Which configuration file you use on any individual system depends on the role the system plays in your mail service.

  • For mail clients, you do not need to do anything to set up or edit the default configuration file.

  • To set up a mailhost, a relay host, or a gateway, copy the /usr/lib/mail/cf/main-v7sun.mc file and rename it with a .mc (mail configuration) suffix. Next, edit the .mc file to set parameters needed for your mail configuration: gateway and mail hub. You must then "compile" the file, using the m4 macro processor. See "Generating the sendmail Configuration File" on page 53 for more information. Refer to Chapter 2, "Customizing sendmail Configuration Files" for information on editing configuration files.

The following list describes some configuration parameters you may want to change, depending on the requirements of your site.


You change these parameters in the .mc file that is used to generate the sendmail.cf file, not in the sendmail.cf file itself. The parameters are mentioned here so that you know what they look like in the resulting configuration file.

  • Time values.

    Specify how often sendmail runs the queue. The interval is typically set to between 15 minutes and 1 hour.

    Specify read timeouts.

    Specify how long a message remains in the queue before it is returned to the sender.

  • Delivery modes specify how quickly mail is to be delivered.

  • Load limiting prevents wasted time during loaded periods because it does not attempt to deliver large messages, messages to many recipients, or messages to sites that have been down for a long time.

  • Log level specifies what kinds of problems are logged.

  • File modes.

    setuid for sendmail.

    Temporary file modes.

    /etc/mail/aliases permissions.

The sendmail program receives a message from a program such as mailx, mailtool, or dtmail, edits the message header as required by the destination mailer, and calls appropriate delivery agents to make the delivery. If delivery cannot be made immediately, sendmail requeues the request and tries to hand off delivery to the proper delivery agent at regular intervals until delivery is successful or until a timeout value is reached.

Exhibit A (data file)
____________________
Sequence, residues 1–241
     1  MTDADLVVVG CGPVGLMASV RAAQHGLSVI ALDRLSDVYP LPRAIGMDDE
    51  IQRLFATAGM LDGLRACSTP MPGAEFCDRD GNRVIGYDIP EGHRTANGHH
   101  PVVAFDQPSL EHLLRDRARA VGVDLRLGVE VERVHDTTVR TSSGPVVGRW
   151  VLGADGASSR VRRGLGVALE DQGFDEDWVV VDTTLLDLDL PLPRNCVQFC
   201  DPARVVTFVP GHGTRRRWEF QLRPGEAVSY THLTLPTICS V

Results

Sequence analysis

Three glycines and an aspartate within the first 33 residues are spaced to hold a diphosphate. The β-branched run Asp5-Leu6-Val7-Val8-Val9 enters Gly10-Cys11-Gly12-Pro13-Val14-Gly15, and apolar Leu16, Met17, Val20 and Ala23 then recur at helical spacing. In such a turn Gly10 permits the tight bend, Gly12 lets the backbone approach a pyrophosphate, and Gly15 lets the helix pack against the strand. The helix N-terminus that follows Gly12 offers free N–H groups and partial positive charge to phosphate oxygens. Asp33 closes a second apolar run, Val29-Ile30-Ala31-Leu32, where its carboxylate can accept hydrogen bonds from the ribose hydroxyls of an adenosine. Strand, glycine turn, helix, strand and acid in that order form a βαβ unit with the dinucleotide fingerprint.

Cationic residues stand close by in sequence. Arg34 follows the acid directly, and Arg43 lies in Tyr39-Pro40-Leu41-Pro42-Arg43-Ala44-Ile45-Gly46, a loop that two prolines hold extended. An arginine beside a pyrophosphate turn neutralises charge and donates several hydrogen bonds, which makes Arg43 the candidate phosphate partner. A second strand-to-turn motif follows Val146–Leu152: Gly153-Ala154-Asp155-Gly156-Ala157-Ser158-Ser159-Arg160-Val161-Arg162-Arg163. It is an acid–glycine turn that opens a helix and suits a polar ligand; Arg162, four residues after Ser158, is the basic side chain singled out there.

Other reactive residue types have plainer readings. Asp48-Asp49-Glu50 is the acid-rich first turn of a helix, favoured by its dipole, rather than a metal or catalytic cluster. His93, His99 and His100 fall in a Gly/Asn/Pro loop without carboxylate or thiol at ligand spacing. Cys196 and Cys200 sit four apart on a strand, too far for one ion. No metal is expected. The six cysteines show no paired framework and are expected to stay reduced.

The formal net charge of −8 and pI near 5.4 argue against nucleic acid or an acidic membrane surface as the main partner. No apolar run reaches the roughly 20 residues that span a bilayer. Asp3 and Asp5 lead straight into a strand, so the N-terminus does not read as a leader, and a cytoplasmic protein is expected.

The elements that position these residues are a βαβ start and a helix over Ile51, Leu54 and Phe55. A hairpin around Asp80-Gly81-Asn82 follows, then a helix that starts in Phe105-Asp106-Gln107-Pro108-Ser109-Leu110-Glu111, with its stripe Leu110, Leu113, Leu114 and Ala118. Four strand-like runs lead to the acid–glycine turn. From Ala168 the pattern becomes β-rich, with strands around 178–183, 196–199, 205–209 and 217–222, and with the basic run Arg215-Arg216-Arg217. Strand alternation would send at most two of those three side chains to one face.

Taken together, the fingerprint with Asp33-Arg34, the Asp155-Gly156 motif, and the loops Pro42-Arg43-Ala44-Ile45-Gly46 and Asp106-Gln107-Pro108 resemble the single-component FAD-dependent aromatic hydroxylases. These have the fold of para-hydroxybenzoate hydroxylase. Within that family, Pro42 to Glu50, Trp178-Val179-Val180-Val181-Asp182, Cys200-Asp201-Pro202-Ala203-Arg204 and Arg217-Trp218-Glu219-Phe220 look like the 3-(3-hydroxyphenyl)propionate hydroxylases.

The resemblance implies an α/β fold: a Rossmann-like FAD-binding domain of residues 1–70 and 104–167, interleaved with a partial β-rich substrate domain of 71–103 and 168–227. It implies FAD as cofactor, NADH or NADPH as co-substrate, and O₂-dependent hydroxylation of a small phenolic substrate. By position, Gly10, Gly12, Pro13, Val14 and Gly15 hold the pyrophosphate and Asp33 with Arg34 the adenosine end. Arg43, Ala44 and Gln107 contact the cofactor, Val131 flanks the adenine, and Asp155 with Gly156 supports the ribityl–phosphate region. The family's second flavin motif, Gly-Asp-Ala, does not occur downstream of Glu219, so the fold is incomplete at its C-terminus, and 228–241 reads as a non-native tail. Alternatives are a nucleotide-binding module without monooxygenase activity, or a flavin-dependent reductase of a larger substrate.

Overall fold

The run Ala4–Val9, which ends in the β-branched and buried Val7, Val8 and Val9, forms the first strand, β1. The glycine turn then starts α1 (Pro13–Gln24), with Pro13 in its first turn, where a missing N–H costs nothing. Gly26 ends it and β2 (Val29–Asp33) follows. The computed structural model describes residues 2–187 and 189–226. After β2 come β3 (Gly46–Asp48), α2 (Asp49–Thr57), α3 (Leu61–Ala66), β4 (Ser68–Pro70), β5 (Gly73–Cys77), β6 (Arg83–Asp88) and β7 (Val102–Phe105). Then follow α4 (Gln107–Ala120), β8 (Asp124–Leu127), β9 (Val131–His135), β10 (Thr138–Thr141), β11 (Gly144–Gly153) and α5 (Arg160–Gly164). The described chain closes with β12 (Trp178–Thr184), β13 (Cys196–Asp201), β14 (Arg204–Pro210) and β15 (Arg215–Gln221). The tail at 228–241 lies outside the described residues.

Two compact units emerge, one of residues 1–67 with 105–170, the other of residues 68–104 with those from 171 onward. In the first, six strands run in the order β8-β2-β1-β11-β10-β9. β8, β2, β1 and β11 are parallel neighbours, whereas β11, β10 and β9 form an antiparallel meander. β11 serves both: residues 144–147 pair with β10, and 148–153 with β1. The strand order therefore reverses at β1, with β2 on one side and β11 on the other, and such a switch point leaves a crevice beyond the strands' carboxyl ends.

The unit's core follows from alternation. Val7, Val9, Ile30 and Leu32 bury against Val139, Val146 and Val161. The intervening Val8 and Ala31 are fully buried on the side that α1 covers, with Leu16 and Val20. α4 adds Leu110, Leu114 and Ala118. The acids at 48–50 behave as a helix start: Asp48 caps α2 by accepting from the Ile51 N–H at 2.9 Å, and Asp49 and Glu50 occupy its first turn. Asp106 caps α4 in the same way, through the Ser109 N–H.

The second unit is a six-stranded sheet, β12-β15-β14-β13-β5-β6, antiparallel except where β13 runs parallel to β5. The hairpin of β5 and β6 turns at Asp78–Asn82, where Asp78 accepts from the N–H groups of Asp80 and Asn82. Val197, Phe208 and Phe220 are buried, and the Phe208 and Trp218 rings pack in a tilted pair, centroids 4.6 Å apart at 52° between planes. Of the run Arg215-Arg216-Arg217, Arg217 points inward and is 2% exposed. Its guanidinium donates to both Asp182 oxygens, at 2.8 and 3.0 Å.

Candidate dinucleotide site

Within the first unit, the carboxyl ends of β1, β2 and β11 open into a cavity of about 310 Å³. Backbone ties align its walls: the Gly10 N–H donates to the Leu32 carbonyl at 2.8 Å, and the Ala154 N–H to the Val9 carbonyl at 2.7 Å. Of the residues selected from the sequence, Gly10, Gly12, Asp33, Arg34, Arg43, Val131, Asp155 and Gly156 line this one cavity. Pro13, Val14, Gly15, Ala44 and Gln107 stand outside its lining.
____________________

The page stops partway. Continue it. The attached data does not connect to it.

The sendmail program never edits or changes the body of a message. Any changes that it makes to interpret e-mail addresses are made only in the header of the message.

Argument Processing and Address Parsing

When sendmail processes a message, it collects recipient names (either from the command line or from the SMTP protocol) and generates two files. One is an envelope that contains a list of recipients and information about delivery. The other file contains the header and the body of the message. The sendmail program ex_pands aliases, including mailing lists, and validates as much as possible the remote recipient; sendmail checks syntax and verifies local recipients. Detailed checking of host names is deferred until delivery. As local recipients are verified, messages are forwarded to them.

After parsing the recipient lists, sendmail appends each name to both the envelope and the header of the message. When a name is aliased or forwarded, it retains the old name in the list and sets a flag to tell the delivery phase to ignore this recipient. The lists are kept free from duplicates, preventing "alias loops" and duplicate messages delivered to the same recipient, which can occur if a recipient is in two different alias groups.


Users may receive duplicate copies of the same message when alias lists contain e-mail addresses for the same person (who is using different syntax). The sendmail program cannot always match the duplicate e-mail addresses.

Message Collection